Saruman watched with annoyed curiosity as the Orcs, even now, with a distinct advantage, kept their distance. None of them would use their fists or even their booted feet to touch their foe, who continued to swing his sword and staff in an increasingly erratic defense. And even more irritating, the Orcs carefully avoided meeting their enemy's eyes. Why should they fear him so? Grey is not as powerful as White. He listened as steel and wood impacted flesh. Wait, he told himself. Let them satisfy their desire for revenge. Another minute passed, and with it, more thudding blows. And I, mine. The Grey Fool's breath came in heavy gasps as he struggled to maintain an upright posture.
Finally the Orc Captain stepped forward. Snarling, he thrust the tip of his dagger beneath the bearded chin of the Bearer of Beater, the dreadful weapon that gleamed with horrible, Elvish blue fire in his foe's right hand.
"What shall we do with him, my Lord?" the Orc sneered. The Grey Wizard now held perfectly still, save for his heaving chest. A stream of red trickled down his throat, and he glared at the Orc; but he did not let go of either staff or sword. Not one of the Orcs made a move to try to disarm him.
Saruman walked slowly around his desk and approached his former colleague. He stood a yard away and crossed his arms. His silken white robe shimmered with a rainbow of shifting colors in the lantern light.
"Well?" he said. "Will you cooperate? Or must I order them to knock you senseless and drag you off?"
By way of reply, the Grey Wizard carefully stepped back and away from the point of the Orc's dagger. He sheathed Glamdring, never taking his contemptuous eyes off Saruman's. He leaned on his staff and was silent.
"Get this insolent fool out of my sight," Saruman snapped.
The Orc Captain and three others began shoving the Grey Wizard toward the door that led to the downward spiraling stairs.
"Not that way! Up, to the very top. Leave him on the roof. I left the door ajar for this very purpose. Let him contemplate his choices while he enjoys a fine view of the heavens."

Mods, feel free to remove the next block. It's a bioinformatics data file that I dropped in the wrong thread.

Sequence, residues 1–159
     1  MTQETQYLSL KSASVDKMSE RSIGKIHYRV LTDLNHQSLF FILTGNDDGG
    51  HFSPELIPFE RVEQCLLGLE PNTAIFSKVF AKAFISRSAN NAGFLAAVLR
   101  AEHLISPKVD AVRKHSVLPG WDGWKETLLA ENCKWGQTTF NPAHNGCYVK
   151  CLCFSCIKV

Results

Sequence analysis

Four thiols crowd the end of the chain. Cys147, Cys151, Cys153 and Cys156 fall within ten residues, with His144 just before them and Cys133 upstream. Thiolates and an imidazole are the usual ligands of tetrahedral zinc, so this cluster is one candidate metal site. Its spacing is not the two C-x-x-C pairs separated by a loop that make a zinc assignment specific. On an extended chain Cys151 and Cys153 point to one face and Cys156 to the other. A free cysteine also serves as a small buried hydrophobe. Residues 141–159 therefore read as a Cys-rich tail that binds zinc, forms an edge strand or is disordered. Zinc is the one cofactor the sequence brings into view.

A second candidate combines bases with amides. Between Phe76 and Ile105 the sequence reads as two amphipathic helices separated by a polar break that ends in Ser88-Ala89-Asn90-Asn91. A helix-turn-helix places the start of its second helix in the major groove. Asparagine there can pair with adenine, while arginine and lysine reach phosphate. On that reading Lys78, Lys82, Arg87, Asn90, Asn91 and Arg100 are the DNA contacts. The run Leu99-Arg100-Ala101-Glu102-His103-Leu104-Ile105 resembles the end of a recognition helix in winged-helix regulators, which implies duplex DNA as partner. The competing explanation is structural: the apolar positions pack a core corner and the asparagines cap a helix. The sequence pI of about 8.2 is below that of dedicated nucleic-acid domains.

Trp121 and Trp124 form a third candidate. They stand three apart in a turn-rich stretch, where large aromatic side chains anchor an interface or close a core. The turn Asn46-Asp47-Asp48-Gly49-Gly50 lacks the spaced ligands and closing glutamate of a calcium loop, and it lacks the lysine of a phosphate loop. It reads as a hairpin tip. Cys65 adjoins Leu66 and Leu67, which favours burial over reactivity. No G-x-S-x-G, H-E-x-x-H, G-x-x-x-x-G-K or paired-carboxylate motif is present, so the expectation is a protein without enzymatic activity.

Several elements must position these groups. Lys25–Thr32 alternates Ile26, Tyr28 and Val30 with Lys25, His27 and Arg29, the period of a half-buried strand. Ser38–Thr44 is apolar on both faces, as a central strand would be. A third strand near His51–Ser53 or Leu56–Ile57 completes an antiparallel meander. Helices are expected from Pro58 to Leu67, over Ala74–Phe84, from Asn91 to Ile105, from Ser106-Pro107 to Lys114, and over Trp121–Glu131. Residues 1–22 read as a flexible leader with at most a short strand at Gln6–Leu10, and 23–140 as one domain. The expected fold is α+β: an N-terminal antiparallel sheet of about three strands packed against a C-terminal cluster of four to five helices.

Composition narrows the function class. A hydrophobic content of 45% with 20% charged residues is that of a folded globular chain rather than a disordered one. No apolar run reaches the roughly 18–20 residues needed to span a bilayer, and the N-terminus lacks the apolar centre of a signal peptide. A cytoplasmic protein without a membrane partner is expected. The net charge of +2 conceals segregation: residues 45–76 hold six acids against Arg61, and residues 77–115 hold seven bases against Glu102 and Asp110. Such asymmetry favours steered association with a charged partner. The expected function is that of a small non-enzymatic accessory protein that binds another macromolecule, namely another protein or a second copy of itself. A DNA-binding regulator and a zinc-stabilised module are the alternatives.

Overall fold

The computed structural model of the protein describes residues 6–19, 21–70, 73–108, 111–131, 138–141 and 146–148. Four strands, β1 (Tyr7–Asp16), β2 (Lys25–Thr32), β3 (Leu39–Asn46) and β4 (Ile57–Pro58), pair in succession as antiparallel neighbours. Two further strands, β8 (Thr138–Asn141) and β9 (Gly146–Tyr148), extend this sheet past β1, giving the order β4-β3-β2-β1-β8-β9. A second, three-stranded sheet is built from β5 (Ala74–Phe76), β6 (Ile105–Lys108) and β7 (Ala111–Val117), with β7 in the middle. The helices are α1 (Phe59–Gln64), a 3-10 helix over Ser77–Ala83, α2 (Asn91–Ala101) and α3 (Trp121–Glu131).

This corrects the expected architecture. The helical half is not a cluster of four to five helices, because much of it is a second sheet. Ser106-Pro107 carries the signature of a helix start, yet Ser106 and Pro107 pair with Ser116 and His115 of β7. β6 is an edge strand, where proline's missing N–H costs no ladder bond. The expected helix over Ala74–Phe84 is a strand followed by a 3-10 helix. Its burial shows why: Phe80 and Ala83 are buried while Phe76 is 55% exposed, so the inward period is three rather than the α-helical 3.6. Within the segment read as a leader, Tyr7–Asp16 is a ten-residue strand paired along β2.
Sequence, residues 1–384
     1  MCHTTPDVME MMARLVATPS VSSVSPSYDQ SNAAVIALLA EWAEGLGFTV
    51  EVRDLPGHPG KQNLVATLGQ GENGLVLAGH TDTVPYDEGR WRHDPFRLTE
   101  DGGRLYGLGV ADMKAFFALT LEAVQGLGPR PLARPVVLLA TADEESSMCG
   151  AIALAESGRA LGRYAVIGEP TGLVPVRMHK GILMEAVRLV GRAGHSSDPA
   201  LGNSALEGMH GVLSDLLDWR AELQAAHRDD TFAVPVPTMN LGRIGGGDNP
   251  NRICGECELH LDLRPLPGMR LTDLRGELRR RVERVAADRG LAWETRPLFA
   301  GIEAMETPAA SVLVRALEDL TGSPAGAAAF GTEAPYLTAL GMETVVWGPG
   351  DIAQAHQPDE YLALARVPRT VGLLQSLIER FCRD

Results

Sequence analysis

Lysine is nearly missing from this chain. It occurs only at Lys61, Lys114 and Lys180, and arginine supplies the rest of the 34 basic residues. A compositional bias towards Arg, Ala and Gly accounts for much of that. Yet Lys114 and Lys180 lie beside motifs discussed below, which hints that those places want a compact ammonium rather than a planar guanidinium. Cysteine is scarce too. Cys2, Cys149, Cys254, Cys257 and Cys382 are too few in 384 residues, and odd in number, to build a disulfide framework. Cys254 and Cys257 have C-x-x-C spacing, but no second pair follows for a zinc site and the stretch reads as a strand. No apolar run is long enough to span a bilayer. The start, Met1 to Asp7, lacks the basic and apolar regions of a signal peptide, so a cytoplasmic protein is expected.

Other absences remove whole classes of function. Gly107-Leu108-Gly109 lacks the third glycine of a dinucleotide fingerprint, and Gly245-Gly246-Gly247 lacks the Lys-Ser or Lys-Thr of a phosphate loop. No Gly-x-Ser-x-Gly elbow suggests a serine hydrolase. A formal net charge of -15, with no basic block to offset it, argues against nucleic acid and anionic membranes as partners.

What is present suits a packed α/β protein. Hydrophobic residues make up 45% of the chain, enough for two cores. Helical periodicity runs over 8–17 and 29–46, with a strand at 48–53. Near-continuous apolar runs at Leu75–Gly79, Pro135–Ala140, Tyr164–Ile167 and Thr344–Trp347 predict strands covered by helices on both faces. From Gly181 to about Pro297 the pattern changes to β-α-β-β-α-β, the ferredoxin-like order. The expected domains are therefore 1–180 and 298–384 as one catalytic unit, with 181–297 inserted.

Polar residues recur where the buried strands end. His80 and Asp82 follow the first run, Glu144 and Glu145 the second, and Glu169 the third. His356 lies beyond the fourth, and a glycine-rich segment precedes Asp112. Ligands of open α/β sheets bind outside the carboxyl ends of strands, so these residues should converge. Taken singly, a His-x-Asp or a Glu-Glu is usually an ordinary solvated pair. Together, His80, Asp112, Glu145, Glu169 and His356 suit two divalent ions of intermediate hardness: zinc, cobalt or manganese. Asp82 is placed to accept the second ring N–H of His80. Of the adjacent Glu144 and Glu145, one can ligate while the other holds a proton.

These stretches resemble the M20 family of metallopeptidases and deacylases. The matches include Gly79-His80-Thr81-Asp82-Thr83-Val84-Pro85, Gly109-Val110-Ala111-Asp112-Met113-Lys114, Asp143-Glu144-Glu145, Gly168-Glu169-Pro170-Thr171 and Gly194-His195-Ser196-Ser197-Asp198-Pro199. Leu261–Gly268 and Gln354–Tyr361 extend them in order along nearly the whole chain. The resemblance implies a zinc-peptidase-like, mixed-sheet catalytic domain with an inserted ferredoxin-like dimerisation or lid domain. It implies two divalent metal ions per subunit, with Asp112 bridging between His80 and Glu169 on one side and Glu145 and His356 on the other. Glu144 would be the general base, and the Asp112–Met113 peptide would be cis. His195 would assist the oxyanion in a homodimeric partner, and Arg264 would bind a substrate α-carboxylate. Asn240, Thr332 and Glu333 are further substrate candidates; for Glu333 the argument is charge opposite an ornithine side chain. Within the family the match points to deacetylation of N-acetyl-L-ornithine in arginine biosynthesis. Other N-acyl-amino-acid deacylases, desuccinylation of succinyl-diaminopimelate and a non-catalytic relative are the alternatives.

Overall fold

As the Wizard of Orthanc returned to his desk, he paused near a blue-grey object that lay crumpled on the floor. "And by the way," he said with a snort, "Take this ridiculous hat of his with you. I don't want the filthy thing in my study. It is permeated with the stench of pipe smoke."
* * *
Such a seemingly simple statement--"they took me and placed me." Who were "they," and how exactly does one "take" a wizard? After all, in the next few months we learn that this same wizard fends off all nine Nazgûl at the same time on the night of October 3rd on Weathertop. This opening scene is my attempt to describe a plausible way "they" might have been able to take him captive, and some rational reason why he could have kept his sword and staff up on the roof.
This is a work of fan fiction, written because the author has an abiding love for the works of J R R Tolkien. The characters, settings, places, and languages used in this work are the property of the Tolkien Estate, Tolkien Enterprises, and possibly New Line Cinema, except for certain original characters who belong to the author of the said work. The author will not receive any money or other remuneration for presenting the work on this archive site. The work is the intellectual property of the author, is available solely for the enjoyment of Henneth Annûn Story Archive readers, and may not be copied or redistributed by any means without the explicit written consent of the author.